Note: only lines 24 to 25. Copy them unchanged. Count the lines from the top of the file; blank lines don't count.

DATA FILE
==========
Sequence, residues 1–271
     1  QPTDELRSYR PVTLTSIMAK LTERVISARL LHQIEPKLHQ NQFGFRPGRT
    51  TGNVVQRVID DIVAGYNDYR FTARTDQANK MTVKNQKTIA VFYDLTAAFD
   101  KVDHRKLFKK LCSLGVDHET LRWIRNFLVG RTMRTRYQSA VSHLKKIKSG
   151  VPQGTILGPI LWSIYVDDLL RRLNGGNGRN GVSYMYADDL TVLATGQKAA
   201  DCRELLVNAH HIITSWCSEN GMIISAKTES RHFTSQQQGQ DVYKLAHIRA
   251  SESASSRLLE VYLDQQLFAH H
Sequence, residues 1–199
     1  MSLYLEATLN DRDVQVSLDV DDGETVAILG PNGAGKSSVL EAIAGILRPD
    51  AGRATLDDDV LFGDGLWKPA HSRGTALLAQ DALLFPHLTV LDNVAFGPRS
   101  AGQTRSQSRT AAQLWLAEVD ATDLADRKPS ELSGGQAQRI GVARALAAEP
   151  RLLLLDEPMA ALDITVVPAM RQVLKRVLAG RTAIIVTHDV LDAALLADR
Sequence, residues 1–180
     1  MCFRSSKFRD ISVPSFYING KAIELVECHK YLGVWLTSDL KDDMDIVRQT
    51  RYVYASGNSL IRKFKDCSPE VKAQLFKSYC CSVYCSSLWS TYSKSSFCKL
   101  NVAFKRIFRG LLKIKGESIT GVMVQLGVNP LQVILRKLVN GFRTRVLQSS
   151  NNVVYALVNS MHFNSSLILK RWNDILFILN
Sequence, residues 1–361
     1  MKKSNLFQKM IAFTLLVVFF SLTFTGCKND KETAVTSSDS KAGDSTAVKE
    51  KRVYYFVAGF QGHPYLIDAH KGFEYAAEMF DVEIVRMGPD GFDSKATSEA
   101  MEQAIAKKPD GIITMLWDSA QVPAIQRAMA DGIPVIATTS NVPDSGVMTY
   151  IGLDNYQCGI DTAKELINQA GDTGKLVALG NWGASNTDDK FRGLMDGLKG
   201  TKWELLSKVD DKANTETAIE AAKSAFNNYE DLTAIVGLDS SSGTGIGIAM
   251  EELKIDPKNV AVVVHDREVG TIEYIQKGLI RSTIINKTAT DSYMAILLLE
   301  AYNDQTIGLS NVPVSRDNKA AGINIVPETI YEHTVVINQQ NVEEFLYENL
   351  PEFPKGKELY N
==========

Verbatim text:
   251  EELKIDPKNV AVVVHDREVG TIEYIQKGLI RSTIINKTAT DSYMAILLLE
   301  AYNDQTIGLS NVPVSRDNKA AGINIVPETI YEHTVVINQQ NVEEFLYENL